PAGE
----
Greece Ancient Greece Has Been Thoroughly Investigated Essay

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Ancient Greece has been thoroughly investigated by historical scholars. Some of the most beautiful art and the most intelligent science have come to the population of the world through the work of these ancient thinkers. Ancient Greece was also home of some of the world's most beautiful architecture. They were also the founders of modern philosophy and politics, as well as the basic principles of morality and ethics that modern people accept as fact. At the start of Grecian culture, artists and craftsman were seen as relatively unimportant members of society. In around the year 480 BC, art became far more important as it became clear that through artistic media, stories could be written and legacies historicized.[footnoteRef:1] What is known for a fact about Ancient Greek is limited because, but through the writings and artwork of those that lived so long ago, scholars can piece together an understanding of a truly unique society. [1: Hodge, Susie. Ancient Greek Art. (Heinemann: Chicago. 2006). 6]

Many policies and principles that people accept in the present have their basis in the writings of Ancient Greece. The idea of a democratic government wherein each person has a say in how the government is run stems from the philosophies of the Ancient Greeks; particularly great thinkers Plato and his student Aristotle. In the book Politics, Aristotle writes about how he believes that the center of the political world should be equated with the center of population activity. Consequently, the city would be the center of the political system in a functioning government. Aristotle made famous the concept of politics as a natural organism rather than a machine.[footnoteRef:2] Unlike a machine which can have interchangeable parts which can function without a cohesive system, a political organism functions more fluidly and all the parts of the government system cannot function properly if one of the components is unsuccessful. Aristotle's imagined version of a functioning governmental system is one based on a cohesive organism which was almost a living thing. For Plato, he believed that there was such a thing as an Ideal World and an Ideal Plane of existence. Every person was to have access to the same justice, no matter their financial or social class. According to Plato, the only way a community can function properly is if each person has the same rights and the same chances to achieve happiness. "Injustice causes civil war, hatred, and fighting, while justice brings friendship and a sense of common purpose."[footnoteRef:3] Consequently, all of Plato's writings about politics involved the creation of a government system wherein there would be as little injustice as possible and all citizens would feel satisfied in the belief that they would be treated equally in the eyes of their community and their government. Controversy is the thing that leads to civil unrest and it is this civil unrest which leads to dissatisfaction in the government and eventual war and bloodshed by the individuals who believe that they are being oppressed by an unrepresentative government. In the Republic, Plato asserts not only that civil war and the creation of political factions are the greatest danger to society, both its citizens and to the structure of the city itself, but also that peace which is achieved by the destruction of the foe rather than peaceful resolution can lead to further societal discord.[footnoteRef:4] Those who lose a physical altercation will be far more likely to feel anger about their loss and thus the more likely to eventually create a situation where there will be similar battle at some point in the future, whereas a peace which is led by mediation and compromise is more likely to yield a lasting armistice. [2: Ebenstein, Alan. Introduction to Political Thinkers. (Wadsworth. 2002) 59] [3: Plato. The Republic. ] [4: Plato. The Republic.]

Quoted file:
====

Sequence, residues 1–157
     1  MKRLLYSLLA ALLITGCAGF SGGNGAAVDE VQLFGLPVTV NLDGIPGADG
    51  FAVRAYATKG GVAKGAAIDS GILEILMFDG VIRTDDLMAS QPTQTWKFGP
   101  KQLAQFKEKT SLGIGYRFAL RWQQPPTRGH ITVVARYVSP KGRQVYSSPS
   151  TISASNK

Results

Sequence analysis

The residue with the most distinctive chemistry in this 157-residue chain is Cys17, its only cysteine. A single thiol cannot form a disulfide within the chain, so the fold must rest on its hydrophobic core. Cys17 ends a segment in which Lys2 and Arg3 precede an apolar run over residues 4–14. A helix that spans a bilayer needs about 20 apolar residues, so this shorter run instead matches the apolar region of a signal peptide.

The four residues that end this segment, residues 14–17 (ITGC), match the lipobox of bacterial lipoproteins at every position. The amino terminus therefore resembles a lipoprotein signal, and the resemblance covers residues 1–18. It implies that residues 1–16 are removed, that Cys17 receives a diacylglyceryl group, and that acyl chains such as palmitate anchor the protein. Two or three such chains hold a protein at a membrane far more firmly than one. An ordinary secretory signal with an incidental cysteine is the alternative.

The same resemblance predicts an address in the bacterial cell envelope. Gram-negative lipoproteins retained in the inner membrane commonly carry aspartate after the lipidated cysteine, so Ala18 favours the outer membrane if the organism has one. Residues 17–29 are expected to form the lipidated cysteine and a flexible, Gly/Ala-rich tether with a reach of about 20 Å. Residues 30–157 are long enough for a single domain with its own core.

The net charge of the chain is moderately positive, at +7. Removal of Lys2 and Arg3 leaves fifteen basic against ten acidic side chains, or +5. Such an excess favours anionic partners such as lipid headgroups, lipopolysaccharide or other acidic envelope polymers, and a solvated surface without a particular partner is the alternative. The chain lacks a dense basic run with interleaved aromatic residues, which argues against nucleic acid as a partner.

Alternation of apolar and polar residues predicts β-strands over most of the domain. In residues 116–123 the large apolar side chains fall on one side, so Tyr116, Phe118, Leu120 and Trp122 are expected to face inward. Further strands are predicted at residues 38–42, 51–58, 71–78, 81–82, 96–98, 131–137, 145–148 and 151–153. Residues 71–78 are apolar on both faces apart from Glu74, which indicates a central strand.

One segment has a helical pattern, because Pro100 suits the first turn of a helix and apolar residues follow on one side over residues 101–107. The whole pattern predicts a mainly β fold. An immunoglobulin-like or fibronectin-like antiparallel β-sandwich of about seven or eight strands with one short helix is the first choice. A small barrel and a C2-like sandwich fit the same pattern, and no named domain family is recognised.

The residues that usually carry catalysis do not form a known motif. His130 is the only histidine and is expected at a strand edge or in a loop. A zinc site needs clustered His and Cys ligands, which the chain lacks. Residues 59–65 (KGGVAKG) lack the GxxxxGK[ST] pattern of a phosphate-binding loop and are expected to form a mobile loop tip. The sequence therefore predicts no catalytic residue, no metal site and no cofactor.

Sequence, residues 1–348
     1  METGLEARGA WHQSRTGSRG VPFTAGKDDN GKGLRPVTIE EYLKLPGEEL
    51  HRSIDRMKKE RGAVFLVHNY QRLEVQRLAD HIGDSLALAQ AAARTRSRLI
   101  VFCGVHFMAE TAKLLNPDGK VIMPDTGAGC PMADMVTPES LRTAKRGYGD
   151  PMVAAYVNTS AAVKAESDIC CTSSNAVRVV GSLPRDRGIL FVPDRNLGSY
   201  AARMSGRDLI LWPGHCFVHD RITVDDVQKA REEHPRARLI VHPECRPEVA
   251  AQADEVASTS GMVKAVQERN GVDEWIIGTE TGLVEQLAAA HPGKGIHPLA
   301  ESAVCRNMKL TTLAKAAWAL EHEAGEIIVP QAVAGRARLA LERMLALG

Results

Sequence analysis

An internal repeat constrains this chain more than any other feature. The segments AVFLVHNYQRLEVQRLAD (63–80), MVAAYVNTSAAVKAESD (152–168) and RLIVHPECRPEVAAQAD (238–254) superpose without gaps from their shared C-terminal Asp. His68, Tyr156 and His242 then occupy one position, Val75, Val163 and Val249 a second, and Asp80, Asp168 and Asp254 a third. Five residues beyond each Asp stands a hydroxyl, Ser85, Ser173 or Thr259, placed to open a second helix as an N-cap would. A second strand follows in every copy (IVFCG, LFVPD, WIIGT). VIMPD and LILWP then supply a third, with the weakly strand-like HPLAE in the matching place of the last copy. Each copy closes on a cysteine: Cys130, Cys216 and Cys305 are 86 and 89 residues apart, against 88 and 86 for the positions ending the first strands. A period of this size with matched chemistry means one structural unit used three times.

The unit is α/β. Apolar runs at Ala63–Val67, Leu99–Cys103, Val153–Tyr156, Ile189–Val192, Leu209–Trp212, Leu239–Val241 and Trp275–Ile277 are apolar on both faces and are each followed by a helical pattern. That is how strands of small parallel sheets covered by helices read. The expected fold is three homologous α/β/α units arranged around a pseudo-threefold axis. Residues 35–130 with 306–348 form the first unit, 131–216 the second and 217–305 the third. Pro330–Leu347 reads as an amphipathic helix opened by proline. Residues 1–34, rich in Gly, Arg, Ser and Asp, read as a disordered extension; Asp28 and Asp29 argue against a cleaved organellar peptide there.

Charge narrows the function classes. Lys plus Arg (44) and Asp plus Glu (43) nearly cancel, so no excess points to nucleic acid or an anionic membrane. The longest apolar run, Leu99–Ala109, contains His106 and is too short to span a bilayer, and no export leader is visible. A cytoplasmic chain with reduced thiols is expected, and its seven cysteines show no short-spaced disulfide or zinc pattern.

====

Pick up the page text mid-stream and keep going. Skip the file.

Any discussion of politics must be discussed in terms of the repercussions for breaking laws. The concept of justice is an extremely important one, particularly in the Western World where the determination to ensure that no one is treated unfairly is part of the legal systems in democratic governments. In Aristotle's writings, there are two separate and distinct types of justice; general justice and special justice.[footnoteRef:5] General justice "is concerned with the good of others and, more exactly, with the common good of the political community."[footnoteRef:6] Special justice "is concerned with equality and fairness, and the avoidance of pleonexia, a greedy encroachment on the goods justly assigned to others."[footnoteRef:7] Both of these types have to be assured in the society if there is any hope of the common people being treated with the same amount of justice as those with wealth or who were in positions of power.